At Their First Pediatric Dental Visit

If you begin taking your child to the dentist at age one (or six months after their first teeth erupt), those first few visits are typically quick and easy. The pediatric dentist will take a look to make sure everything is developing within normal limits, and answer any questions you have.

Once your child turns three, your pediatric dentist may recommend their first set of x-rays, or begin talking to you about sealants. Their dental checkups will begin to more closely resemble yours, with time for cleaning, an exam from the pediatric dentist, and any recommendations for future treatment or visits.

Between ages 6 and 8, your pediatric dentist might mention orthodontics for the first time. At this age, your child’s front adult teeth and first adult molars have erupted. For children who might have more difficult orthodontic concerns, some pediatric dentists and orthodontists may want to start treatment before all their adult teeth erupt.

After age 8 and throughout their teens, your pediatric dentist will continue to monitor your child for how their remaining baby teeth fall out, how new adult teeth erupt and their general oral hygiene. They may need fillings at some point, or your dentist may recommend sealants. But with good home care, and regular dental visits, your child may get to enjoy relatively “boring” checkups.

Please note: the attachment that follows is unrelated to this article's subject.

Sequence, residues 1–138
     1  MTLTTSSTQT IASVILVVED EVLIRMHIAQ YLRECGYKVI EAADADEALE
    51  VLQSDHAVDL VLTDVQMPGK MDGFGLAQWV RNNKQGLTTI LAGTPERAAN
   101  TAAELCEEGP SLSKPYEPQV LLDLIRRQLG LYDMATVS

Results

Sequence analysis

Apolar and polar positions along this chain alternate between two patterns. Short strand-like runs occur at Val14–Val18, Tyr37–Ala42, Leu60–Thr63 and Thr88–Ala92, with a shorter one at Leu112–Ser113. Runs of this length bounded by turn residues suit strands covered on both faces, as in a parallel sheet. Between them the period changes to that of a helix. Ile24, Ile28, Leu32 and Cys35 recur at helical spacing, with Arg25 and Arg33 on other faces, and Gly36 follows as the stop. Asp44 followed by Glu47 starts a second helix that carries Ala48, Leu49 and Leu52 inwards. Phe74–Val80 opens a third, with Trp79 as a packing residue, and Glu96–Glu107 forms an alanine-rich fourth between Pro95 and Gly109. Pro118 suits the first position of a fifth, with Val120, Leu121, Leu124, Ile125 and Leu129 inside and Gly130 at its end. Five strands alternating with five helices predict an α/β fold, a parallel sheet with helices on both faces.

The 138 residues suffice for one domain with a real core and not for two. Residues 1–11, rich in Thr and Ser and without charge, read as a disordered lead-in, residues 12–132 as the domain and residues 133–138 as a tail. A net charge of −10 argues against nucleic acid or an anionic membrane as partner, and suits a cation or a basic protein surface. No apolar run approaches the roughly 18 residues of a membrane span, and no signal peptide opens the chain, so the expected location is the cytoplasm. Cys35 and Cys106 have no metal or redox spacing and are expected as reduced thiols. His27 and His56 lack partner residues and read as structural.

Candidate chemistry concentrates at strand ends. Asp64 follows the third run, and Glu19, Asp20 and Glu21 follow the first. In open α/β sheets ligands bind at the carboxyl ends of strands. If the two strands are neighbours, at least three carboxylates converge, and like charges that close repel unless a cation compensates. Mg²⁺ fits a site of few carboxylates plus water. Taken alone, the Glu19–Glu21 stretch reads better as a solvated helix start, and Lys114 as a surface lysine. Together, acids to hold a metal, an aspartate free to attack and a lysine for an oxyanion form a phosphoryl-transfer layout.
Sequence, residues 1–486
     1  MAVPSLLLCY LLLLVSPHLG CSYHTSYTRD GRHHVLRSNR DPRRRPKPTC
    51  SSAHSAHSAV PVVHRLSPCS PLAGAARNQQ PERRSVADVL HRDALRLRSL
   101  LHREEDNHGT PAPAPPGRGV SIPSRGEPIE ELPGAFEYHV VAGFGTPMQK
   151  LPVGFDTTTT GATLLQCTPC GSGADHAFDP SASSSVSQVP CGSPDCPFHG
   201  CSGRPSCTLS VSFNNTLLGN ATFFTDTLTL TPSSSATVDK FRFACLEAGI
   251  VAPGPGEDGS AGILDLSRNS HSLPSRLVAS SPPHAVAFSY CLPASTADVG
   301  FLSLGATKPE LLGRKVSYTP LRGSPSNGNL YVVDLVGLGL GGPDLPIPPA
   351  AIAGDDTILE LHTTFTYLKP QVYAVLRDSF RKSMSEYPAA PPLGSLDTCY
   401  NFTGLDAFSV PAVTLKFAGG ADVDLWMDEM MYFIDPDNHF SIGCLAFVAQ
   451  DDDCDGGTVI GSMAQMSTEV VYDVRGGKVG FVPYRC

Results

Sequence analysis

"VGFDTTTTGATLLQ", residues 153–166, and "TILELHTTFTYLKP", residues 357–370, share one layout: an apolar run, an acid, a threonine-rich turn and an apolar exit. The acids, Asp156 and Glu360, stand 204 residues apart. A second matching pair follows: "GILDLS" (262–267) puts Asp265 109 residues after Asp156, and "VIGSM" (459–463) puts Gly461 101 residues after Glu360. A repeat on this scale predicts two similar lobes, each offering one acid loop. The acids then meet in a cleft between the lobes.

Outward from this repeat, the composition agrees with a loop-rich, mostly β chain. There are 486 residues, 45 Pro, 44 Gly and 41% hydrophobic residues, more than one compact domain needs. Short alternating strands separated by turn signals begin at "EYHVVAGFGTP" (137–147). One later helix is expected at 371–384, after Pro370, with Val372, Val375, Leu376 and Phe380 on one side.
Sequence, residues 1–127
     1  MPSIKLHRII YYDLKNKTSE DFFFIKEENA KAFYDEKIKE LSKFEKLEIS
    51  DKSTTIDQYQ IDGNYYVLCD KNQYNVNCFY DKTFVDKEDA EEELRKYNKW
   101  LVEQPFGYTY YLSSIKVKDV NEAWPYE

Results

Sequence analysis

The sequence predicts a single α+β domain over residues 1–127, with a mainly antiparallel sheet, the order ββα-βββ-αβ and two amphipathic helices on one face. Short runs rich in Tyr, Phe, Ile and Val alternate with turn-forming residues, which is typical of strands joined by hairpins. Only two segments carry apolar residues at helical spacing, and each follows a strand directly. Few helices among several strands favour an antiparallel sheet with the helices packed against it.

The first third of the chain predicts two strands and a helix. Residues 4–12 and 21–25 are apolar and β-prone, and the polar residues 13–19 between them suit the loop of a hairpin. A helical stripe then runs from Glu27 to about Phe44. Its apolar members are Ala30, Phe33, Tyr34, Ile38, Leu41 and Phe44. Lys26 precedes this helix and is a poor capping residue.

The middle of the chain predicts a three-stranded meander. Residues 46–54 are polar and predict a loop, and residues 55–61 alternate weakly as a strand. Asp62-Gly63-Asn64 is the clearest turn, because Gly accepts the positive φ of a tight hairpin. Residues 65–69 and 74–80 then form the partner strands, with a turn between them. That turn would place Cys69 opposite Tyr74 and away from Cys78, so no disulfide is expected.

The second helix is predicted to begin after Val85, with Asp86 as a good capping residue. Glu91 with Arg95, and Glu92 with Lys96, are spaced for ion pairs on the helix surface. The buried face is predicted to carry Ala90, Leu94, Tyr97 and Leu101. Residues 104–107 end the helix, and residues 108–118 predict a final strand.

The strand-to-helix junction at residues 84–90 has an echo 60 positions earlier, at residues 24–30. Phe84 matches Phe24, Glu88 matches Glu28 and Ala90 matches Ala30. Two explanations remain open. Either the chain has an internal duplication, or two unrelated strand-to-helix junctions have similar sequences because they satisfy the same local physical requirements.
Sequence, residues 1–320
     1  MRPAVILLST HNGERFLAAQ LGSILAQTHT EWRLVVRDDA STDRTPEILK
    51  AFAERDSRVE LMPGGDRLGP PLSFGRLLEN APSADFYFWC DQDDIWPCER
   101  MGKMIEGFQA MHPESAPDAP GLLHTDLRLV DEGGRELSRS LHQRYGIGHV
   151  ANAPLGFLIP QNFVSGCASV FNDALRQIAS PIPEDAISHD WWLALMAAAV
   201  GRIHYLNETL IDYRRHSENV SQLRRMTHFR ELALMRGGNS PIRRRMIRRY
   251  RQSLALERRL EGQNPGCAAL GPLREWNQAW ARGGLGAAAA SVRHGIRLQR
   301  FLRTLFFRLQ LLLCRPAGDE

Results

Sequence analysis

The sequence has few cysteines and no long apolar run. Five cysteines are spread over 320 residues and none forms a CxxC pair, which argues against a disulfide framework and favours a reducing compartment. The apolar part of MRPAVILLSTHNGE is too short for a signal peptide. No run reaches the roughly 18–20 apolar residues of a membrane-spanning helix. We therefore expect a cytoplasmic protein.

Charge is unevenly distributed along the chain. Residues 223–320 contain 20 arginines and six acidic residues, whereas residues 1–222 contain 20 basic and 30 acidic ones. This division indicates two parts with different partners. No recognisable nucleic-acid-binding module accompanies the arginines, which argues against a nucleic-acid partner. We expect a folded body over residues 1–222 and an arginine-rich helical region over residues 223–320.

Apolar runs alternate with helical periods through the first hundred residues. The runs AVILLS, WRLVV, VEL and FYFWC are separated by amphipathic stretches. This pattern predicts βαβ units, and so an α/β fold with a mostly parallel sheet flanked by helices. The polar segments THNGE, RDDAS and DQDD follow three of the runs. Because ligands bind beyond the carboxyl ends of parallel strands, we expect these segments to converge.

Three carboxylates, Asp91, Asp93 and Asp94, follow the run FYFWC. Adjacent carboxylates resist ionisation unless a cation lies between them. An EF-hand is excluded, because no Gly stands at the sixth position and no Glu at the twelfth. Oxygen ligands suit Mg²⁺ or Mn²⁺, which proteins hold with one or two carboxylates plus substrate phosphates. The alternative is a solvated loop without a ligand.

Remember: The above information should be used as general guidelines and should not be substituted for medical advice. If you have questions about your child’s oral health, you should contact our skilled pediatric dentists right away for a dental exam.

Remember: The above information is to be used as general guidelines and should not be substituted for medical advice. Contact our skilled dentists for a dental exam or professional medical advice.

Professional Pediatric Dentistry in Columbus Ohio

We are proud to offer professional pediatric dentistry, teeth cleaning and sealants for children in Central Ohio. Contact us today to learn more about pediatric dentistry for your child!